Now I have no doubt about Janet Appleby's sincerity of purpose. She goes on to say that she did this for the sake of the Church:
I took the risk of compromising my own dearly held beliefs for the sake of the unity of the church, a church which, as a cradle Anglican, I love dearly in all its glorious breadth and frustrating contradictions.
To swallow one's convictions for the sake of unity in the Body of Christ is admirable, provided it is done on proper theological grounds (compare Romans 14:13-15, concerning those whose faith is weak with Galatians 2:14ff concerning one who should have known better).

But it is the very fact that I take her seriously which leaves me worried about the new mood of optimism that this is indeed the right way forward. For if Janet Appleby found even the watered down requirement of the new 5(1)c barely tolerable -- a potential compromise of her beliefs -- what of those others who, in future years (or indeed decades) will be acting on the principles it sets out? Will they genuinely allow the flourishing of others for whom they feel 'respect' is too great a compromise?

Remember, it is not just that the legislation puts certain provisions in place for traditionalists. It puts massive powers in the hands of others -- including other PCCs. One of the things the Code of Practice is going to have to work out is what to do in multi-parish benefices where some PCCs want to petition and others don't. Another largely-overlooked provision of the Measure is that a single PCC in a multi-parish Benefice will immediately be able to revoke any existing Resolutions under the earlier legislation.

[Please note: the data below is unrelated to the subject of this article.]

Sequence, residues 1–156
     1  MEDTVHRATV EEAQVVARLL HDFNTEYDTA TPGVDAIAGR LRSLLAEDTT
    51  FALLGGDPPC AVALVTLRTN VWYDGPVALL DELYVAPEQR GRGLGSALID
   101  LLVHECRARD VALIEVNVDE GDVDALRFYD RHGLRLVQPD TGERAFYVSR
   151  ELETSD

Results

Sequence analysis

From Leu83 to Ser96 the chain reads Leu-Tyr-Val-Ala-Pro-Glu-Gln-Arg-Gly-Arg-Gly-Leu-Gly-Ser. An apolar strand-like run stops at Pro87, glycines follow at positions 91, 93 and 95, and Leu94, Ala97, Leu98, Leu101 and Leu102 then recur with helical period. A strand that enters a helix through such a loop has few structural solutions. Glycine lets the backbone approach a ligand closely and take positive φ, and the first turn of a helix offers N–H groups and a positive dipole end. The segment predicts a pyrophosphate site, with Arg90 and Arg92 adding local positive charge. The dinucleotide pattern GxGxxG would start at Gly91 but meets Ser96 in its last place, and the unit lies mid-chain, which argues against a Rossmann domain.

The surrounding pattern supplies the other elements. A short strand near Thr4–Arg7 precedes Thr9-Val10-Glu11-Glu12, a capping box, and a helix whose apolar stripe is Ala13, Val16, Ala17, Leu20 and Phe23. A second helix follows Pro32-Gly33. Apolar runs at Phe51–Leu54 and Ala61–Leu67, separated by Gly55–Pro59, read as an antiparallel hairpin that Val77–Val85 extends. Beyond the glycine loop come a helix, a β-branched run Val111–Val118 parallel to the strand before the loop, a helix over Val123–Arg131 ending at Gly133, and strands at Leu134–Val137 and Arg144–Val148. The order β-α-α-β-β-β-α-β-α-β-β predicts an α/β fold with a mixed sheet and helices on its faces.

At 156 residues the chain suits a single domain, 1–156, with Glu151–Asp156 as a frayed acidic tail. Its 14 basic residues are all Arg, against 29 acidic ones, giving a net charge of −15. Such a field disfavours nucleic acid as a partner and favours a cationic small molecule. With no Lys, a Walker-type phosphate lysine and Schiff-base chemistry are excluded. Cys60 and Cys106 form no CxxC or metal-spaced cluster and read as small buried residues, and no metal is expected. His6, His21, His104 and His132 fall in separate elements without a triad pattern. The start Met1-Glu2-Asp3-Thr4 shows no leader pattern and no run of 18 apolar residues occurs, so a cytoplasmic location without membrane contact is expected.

When you compare the final proposal with what might have been, it is hard to credit the compromise of 'respect' with being able to hold the weight that must rest on it. We know, because they have said so plainly, that for some campaigners, this is not the end. WATCH and others have clearly signalled their short-term intention to be monitor carefully the actual provisions of the yet-to-be-written Code of Practice, and in the long term they want a 'Single Clause' Church de facto if not de jure.

A grudging respect may not be what Janet Appleby intended, and it may be real, but it is hardly enough.

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10 comments:

  1. The central challenge for proponents is this: "Find wording that allows for some credible protection in the short term but does not bind anyone to provide any protection in the long term." Traditionalists keep looking for some guarantee of long-term protection. Proponents keep ferreting out and removing any provision that might demand it. Which makes me wonder why Traditionalists are placing any confidence in this process at all. Words on a page mean nothing if they are not binding. Who is going to enforce the CoP? How long will it remain unmodified in any case, and this requirement to 'respect' is tossed into the same fire as 5(1)c?